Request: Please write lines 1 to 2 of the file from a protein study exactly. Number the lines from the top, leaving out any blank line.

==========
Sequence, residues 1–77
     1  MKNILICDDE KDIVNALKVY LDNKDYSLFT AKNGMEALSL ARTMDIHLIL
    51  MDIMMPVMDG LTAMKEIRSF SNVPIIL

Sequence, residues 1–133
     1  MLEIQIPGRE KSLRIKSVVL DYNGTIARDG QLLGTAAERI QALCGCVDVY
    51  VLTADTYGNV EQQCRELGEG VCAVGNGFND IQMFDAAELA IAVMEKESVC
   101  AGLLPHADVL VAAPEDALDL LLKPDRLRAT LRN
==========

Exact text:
Sequence, residues 1–77
     1  MKNILICDDE KDIVNALKVY LDNKDYSLFT AKNGMEALSL ARTMDIHLIL